Dustin Shappell expected a fun weekend of live music to be the most significant thing he would remember from his weekend working the Route 91 Harvest Festival in Las Vegas. Instead, he narrowly avoided being in the middle of an active shooting situation.
"We were planning on staying for Jason Aldean," said Shappell, the promotions coordinator for California Country music station K-FROG. He was helping coordinate his station's coverage of the three-day music festival happening on the Strip near the Mandalay Bay Hotel.
Musician Jason Aldean was the concert festival's final act, and though Shappell had planned to stay, he and his coworkers made a last minute decision to get some food just before shots were fired.
A gunman, identified as Stephen Paddock, 64, opened fire on the crowd attending the Festival. The shots came from the window of the nearby Mandalay Bay.
"We suddenly saw a crowd of people start running," said Shappell, who had gone to the MGM Grand Hotel and Casino to get a bite. "We had no idea [what happened]. All we hear is, 'Active shooter,' and we think we need to get as far away from here as possible."
'You let your guard down when you're at a music festival.'
According to Shappell, an event like the Route 91 Harvest Festival draws a diverse crowd.
"A lot of the time, it's country music fans," Shappell said, of those in attendance. "But you also get a lot of people from all walks of life. We saw people holding babies, we saw 80-year-olds. Just about everybody. And that's what's so scary about this all."
While there were tens of thousands of fans in Las Vegas to attend the festival, Shappell said the setting was comparably intimate to some of the biggest country music events of the year.
"You let your guard down when you're at a music festival," Shappell said. "You're having fun, you're having a couple drinks and you're listening to your favorite music. Everyone's having a fantastic time; until of course the entire weekend took a turn for the worst."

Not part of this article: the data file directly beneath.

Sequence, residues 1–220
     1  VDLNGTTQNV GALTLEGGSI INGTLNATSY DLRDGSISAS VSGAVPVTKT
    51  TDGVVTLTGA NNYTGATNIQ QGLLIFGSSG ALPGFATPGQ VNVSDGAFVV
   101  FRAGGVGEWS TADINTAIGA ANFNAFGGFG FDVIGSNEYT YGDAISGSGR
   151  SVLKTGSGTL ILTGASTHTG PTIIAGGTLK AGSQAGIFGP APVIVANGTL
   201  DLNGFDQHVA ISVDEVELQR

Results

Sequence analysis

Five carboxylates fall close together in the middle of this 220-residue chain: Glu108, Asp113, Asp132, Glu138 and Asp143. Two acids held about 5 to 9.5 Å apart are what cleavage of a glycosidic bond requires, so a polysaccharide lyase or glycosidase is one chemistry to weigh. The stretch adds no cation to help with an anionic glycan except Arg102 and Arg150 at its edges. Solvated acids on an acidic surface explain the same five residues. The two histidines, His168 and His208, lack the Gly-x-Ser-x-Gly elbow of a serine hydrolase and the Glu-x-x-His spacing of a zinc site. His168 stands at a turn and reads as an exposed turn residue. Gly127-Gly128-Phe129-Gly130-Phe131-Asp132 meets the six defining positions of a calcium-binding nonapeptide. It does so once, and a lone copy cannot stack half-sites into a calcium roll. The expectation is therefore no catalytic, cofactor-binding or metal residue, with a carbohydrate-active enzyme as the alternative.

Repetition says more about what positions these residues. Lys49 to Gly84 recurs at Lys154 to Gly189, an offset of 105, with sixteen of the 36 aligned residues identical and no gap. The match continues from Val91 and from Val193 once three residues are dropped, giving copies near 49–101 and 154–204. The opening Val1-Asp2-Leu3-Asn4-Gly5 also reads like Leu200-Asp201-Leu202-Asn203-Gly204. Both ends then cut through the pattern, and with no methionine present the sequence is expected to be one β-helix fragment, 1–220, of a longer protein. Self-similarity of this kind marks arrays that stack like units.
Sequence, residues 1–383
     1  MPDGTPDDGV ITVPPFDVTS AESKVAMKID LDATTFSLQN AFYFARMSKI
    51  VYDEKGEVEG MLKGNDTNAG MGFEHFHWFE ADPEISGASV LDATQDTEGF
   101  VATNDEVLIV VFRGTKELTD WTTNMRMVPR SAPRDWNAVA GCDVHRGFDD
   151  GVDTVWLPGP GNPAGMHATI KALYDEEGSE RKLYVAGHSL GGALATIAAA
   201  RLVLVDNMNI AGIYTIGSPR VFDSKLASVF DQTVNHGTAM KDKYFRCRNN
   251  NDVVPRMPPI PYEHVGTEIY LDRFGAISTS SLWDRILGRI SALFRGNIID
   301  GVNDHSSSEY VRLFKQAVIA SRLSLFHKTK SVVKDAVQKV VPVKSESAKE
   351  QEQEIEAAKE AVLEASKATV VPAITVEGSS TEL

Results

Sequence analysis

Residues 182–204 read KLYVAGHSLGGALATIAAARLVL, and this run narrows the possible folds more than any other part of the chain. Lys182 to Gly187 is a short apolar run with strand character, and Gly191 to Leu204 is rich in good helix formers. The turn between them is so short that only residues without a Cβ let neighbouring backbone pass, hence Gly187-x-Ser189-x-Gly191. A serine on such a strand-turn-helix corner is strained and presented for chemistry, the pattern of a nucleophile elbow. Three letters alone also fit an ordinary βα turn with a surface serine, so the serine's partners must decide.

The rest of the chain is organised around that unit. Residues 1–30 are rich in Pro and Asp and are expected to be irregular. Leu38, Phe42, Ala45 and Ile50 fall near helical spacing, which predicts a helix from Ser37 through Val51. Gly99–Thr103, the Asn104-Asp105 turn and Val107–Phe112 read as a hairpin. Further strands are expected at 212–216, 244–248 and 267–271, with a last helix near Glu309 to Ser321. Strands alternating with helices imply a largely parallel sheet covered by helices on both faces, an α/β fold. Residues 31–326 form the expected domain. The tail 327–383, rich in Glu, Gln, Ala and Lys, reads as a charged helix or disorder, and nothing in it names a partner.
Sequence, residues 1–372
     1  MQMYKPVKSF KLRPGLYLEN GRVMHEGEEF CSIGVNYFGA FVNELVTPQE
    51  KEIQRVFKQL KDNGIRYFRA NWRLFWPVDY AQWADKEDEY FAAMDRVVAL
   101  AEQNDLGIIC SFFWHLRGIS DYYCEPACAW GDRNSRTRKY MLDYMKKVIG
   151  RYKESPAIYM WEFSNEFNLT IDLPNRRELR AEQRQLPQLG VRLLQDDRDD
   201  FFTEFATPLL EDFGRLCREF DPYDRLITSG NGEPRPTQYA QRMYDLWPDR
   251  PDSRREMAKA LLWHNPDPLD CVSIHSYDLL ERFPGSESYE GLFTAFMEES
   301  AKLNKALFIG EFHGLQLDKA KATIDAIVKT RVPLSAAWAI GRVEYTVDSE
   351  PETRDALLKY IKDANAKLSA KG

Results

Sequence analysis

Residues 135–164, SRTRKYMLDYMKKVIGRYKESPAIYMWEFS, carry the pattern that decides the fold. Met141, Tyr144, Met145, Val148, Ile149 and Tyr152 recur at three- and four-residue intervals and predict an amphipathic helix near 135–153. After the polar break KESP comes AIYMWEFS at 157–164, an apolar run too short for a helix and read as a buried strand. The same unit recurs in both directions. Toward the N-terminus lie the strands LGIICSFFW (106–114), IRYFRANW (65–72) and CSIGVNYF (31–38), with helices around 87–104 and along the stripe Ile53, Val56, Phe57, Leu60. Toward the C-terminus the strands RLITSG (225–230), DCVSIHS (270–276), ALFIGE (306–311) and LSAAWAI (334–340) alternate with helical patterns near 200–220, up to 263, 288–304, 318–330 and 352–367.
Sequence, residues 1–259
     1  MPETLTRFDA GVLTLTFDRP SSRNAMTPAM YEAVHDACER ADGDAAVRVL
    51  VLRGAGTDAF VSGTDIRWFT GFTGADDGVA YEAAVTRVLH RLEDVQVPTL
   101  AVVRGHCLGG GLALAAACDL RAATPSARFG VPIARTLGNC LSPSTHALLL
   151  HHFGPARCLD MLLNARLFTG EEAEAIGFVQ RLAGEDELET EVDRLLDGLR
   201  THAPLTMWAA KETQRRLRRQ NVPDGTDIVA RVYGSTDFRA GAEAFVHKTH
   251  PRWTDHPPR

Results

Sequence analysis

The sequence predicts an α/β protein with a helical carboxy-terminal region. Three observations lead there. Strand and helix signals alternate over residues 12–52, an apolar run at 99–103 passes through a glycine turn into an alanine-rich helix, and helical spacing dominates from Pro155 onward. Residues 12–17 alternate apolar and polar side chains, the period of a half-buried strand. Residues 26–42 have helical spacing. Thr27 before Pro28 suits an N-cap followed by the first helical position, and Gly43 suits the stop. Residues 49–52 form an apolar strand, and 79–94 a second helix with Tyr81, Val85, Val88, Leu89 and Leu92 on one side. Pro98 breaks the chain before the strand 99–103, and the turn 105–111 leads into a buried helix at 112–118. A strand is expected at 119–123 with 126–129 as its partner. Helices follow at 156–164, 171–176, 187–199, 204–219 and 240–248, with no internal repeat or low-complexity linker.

Shappell and his coworkers had to leave the area as quickly as possible. They were led out of the MGM Grand Hotel by the building's staff. "We hopped into a cab. We just told them, 'Drive us anywhere. It doesn't matter where. Just drive because we need to get out of here.'"
Music festivals are 'a whole lot less safe'
Shappell said that an attack like this is especially hard to deal with. Concerts are a big part of his life, both personally and professionally.
"The radio business is starting to become a whole lot like the concert business," Shappell said. "My passion is to go see my favorite bands; To go out to festivals and stuff like that. Suddenly, it's starting to become where it's a whole lot less safe."
Now, Shappell believes that he'll spend more time looking over his shoulder at concerts to make sure he is still in a safe situation and is ready to leave on short notice.
But Shappell is also grateful that his last-minute decision had such a big difference.
"I've been watching all these videos and it seems like everybody was just frozen," he said. "Then you start to think 'What would I do in that situation? Would I have frozen and just stayed on the ground? Or would I have bolted, found protection and, possibly, even saved a life? It's a crazy situation that somehow we decided to leave a little early and that was a blessing. "